Dopamine and temporal difference learning: A fruitful relationship between neuroscience and AI

Learning and motivation are driven by internal and external rewards. Many of our day-to-day behaviours are guided by predicting, or anticipating, whether a given action will result in a positive (that is, rewarding) outcome. The study of how organisms learn from experience to correctly anticipate rewards has been a productive research field for well over a century, since Ivan Pavlov’s seminal psychological work. In his most famous experiment, dogs were trained to expect food some time after a buzzer sounded. These dogs began salivating as soon as they heard the sound, before the food had arrived, indicating they’d learned to predict the reward. In the original experiment, Pavlov estimated the dogs’ anticipation by measuring the volume of saliva they produced. But in recent decades, scientists have begun to decipher the inner workings of how the brain learns these expectations. Meanwhile, in close contact with this study of reward learning in animals, computer scientists have developed algorithms for reinforcement learning in artificial systems. These algorithms enable AI systems to learn complex strategies without external instruction, guided instead by reward predictions.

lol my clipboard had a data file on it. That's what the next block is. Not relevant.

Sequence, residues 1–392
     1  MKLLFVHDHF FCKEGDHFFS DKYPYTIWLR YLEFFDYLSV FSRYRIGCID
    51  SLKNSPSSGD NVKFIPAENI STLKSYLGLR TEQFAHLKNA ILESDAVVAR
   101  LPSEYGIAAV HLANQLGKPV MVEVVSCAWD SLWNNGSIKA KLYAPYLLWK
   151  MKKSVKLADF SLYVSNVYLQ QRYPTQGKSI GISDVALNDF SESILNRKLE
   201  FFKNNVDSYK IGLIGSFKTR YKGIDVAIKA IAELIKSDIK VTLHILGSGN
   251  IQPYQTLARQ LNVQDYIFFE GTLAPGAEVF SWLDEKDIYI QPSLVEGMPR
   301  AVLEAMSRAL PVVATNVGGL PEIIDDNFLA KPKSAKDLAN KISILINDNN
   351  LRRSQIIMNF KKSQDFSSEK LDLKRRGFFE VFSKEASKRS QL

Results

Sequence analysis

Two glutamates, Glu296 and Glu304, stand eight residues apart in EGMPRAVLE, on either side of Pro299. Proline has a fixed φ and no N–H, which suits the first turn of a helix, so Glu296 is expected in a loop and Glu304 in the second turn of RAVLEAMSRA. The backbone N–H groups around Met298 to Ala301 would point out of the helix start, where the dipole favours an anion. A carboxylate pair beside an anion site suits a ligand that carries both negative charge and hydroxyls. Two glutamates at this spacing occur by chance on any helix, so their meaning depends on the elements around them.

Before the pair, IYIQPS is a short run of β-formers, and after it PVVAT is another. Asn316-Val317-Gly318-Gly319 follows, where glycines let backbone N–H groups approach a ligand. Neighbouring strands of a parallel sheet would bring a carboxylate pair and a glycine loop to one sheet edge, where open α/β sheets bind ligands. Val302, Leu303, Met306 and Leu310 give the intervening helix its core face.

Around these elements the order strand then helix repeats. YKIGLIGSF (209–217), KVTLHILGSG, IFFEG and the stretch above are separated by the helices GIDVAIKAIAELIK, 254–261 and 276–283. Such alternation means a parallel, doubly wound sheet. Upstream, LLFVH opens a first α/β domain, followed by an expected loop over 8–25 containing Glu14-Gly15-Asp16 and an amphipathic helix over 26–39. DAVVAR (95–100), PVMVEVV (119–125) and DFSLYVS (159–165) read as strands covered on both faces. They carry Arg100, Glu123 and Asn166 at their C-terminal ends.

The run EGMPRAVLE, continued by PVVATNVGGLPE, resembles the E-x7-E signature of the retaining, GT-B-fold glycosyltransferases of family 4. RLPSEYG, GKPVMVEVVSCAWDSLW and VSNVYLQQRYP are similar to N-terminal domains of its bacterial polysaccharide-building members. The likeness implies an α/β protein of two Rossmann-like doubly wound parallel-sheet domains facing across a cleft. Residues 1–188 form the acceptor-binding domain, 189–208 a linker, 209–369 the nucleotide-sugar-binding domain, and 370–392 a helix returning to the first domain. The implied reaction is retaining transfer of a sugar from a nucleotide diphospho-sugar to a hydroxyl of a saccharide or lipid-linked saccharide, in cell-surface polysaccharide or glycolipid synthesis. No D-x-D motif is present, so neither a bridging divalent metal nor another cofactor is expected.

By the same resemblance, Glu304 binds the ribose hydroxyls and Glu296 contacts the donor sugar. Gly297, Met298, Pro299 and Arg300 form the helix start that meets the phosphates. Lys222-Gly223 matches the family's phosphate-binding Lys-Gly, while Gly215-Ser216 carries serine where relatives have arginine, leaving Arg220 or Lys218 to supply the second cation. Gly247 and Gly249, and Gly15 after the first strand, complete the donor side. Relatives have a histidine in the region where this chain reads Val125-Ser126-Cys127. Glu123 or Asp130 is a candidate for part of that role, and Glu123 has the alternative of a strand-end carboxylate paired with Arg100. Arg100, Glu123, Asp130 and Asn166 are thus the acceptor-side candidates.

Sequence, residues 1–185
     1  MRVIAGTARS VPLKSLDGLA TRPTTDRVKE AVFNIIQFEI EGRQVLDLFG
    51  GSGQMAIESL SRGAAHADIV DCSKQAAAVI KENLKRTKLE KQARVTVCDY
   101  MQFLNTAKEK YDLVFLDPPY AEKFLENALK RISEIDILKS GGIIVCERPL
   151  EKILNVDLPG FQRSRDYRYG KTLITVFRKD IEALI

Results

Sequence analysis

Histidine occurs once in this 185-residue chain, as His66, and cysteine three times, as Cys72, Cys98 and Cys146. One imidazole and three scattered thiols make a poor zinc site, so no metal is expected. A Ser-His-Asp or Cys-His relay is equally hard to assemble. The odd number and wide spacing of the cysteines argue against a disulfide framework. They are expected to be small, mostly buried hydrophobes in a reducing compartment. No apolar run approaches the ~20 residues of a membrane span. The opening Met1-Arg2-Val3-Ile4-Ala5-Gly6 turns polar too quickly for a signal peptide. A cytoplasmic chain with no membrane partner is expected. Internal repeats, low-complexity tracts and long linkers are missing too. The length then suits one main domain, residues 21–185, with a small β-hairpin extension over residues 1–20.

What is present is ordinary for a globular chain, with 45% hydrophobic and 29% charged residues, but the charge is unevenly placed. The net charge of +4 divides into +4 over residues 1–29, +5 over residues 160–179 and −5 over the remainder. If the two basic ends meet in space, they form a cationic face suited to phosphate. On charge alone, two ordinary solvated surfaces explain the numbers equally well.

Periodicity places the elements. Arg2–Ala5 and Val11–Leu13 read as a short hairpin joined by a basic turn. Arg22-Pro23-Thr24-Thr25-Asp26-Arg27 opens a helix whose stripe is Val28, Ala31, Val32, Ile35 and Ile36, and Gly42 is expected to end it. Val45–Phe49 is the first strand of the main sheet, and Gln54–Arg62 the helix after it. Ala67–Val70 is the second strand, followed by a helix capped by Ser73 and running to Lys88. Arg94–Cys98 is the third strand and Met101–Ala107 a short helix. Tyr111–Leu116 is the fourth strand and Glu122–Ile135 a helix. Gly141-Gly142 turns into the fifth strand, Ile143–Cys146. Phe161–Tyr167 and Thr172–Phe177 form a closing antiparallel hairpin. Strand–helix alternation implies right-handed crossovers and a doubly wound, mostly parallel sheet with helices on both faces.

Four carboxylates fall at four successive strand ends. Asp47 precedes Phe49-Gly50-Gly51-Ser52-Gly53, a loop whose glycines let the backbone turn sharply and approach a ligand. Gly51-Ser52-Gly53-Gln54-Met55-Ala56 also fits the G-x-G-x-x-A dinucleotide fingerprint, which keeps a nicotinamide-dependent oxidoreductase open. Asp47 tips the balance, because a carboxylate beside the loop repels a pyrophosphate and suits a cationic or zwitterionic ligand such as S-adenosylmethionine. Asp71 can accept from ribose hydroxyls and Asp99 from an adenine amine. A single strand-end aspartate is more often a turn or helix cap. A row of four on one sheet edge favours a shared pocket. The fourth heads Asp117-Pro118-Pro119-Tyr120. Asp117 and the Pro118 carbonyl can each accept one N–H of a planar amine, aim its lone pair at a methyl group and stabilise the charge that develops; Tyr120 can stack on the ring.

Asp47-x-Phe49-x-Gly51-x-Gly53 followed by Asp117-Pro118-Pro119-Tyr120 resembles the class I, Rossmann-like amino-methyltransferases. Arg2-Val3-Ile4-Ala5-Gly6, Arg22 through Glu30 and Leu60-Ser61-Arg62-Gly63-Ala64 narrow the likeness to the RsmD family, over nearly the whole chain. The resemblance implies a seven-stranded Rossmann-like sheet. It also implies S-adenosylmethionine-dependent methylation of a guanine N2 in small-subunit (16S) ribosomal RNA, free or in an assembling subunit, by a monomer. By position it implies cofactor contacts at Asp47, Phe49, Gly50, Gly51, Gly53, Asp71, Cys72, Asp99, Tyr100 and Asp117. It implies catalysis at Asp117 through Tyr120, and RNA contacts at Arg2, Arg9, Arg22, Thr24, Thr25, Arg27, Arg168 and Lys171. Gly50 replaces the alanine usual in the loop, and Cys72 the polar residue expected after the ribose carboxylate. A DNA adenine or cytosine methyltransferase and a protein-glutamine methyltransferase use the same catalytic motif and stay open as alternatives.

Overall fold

The contribution of our new work, published in Nature (PDF), is finding that a recent development in computer science – which yields significant improvements in performance on reinforcement learning problems – may provide a deep, parsimonious explanation for several previously unexplained features of reward learning in the brain, and opens up new avenues of research into the brain’s dopamine system, with potential implications for learning and motivation disorders.

Feedback without Criticism